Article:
Table of Contents
Why Does the Color of a Fishing Line Matter?
When it comes to the importance of the fishing line color, there are two important things:
- Line Watching – You want a color that’s easily visible to you, especially when there’s a bite and
- Strike Aversion – You want a color that is invisible to the fish
The ability to see your line and detect when there’s a bite should never be underestimated. Any angler would love to see the line move, which practically puts you on notice that the fish has taken the bait even when there’s no strong strike. As such, the color of the fishing line plays a critical role in this. No matter which type of fishing line you use, the most ideal color for line watching is yellow. In addition to being perfect for murky waters, yellow is very visible above the water and even more visible in clear waters and will let you detect the bite better.
Believe it or not, line detection may frighten some fish species such as bass, trout, and salmon from striking the bait, especially if they detect that it’s attached to the line. Although some may argue that fish do not possess such logic and reasoning, they have more cones, which give them a better ability to distinguish different colors. While fish may not equate a given color with danger they can get frightened if the color of the line is so much different from the background environment.
Defining Fishing Line Colors
Here is a breakdown of how various fishing line colors may impact fishing.
Clear Fishing Line
The general theory when it comes to using a clear fishing line is that it’s relatively invisible in the water. This is essentially why many experienced anglers prefer clear monofilament lines such as Stren for most fishing applications. This can be a great option if you don’t go out on the water that often.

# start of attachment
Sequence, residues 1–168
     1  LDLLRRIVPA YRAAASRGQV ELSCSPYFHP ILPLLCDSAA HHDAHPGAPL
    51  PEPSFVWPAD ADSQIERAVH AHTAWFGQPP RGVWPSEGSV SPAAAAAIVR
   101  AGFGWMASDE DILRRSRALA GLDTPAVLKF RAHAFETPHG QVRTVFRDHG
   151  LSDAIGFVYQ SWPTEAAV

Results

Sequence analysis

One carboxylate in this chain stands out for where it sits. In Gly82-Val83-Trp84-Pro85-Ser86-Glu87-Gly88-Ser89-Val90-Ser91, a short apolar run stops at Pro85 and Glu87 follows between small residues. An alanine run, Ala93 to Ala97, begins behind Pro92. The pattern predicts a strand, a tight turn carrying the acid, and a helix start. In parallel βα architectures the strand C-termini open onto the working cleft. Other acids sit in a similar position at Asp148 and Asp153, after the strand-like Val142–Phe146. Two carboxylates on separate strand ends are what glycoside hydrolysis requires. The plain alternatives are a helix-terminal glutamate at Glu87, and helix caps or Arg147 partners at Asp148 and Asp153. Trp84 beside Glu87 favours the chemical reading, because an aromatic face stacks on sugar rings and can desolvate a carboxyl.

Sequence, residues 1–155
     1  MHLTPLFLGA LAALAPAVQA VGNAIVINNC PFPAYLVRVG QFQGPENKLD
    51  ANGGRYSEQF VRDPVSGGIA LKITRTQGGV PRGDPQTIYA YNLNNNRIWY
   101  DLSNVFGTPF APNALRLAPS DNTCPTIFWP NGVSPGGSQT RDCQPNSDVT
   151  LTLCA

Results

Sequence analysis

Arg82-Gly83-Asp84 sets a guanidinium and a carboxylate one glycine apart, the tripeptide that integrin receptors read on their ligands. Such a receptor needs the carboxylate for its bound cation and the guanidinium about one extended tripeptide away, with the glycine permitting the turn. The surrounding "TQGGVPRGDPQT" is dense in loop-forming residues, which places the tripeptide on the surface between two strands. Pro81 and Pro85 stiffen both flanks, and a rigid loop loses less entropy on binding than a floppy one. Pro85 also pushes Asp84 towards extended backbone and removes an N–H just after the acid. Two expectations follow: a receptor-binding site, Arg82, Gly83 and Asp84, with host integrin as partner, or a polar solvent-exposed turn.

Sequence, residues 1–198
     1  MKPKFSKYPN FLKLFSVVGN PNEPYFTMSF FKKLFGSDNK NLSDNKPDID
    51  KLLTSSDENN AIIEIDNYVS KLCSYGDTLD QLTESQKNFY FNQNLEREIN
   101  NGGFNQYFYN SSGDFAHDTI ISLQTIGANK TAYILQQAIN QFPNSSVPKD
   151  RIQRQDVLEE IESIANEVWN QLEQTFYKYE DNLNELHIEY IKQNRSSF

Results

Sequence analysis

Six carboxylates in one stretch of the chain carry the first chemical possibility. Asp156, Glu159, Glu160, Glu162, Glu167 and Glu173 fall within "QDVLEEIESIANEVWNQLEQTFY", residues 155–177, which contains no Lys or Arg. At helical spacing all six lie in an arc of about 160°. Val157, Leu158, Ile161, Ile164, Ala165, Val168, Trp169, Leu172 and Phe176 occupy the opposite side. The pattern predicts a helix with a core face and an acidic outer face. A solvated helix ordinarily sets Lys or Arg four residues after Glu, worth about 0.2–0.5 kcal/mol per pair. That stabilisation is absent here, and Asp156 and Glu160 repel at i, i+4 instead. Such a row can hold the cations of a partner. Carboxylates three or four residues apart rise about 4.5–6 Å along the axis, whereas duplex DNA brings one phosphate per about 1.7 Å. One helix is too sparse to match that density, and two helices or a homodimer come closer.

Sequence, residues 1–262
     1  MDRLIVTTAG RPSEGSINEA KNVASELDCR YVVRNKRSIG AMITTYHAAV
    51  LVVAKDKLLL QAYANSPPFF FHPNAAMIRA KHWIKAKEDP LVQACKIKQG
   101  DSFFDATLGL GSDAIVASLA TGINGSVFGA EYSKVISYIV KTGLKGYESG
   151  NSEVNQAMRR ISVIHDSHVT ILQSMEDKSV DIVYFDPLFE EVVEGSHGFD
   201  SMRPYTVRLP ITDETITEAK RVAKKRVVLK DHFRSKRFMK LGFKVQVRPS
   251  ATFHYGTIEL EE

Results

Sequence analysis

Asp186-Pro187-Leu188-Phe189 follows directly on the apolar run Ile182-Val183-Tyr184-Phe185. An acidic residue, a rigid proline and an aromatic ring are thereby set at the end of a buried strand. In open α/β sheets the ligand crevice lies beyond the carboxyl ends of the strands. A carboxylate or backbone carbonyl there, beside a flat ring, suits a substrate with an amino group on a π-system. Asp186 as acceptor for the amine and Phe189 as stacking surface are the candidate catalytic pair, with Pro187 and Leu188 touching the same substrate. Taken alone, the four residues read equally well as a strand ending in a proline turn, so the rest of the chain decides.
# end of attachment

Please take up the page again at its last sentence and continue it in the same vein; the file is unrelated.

Others, however, believe that clear fluorocarbon is even much better as it’s more invisible underwater than a standard clear monofilament line. Even though a clear fluorocarbon is perfect for clear waters, it’s also great for just about any type of water and will be much harder for fish to see, so it raises your odds of getting a bite.
It’s also important to note that another great clear fishing line option in the market is the clear blue. This line is fairly clear and invisible to the fish underwater, especially when fishing in the ocean or a lake but the blue hue makes it quite visible above water. As such, it offers the best of both worlds – visibility to you and invisibility to the fish.
Yellow/Bright Neon Green Fishing Line
As we noted earlier, a yellow fishing line is a perfect color if you want a line that can allow you to easily detect when there’s a bite on your line. This type of line is very popular thanks to its high-visibility and is generally used to spot movement particularly when using bobbers.
You, however, have to keep in mind that yellow is a bright color so the line will also be easily detectable to the fish. With that in mind, you should only consider using a yellow fishing line when fishing in muddy or murky waters. Using the yellow line in muddy waters will make it a lot easier for you to notice the movement of your bobber. A great choice can be the Sufix Elite.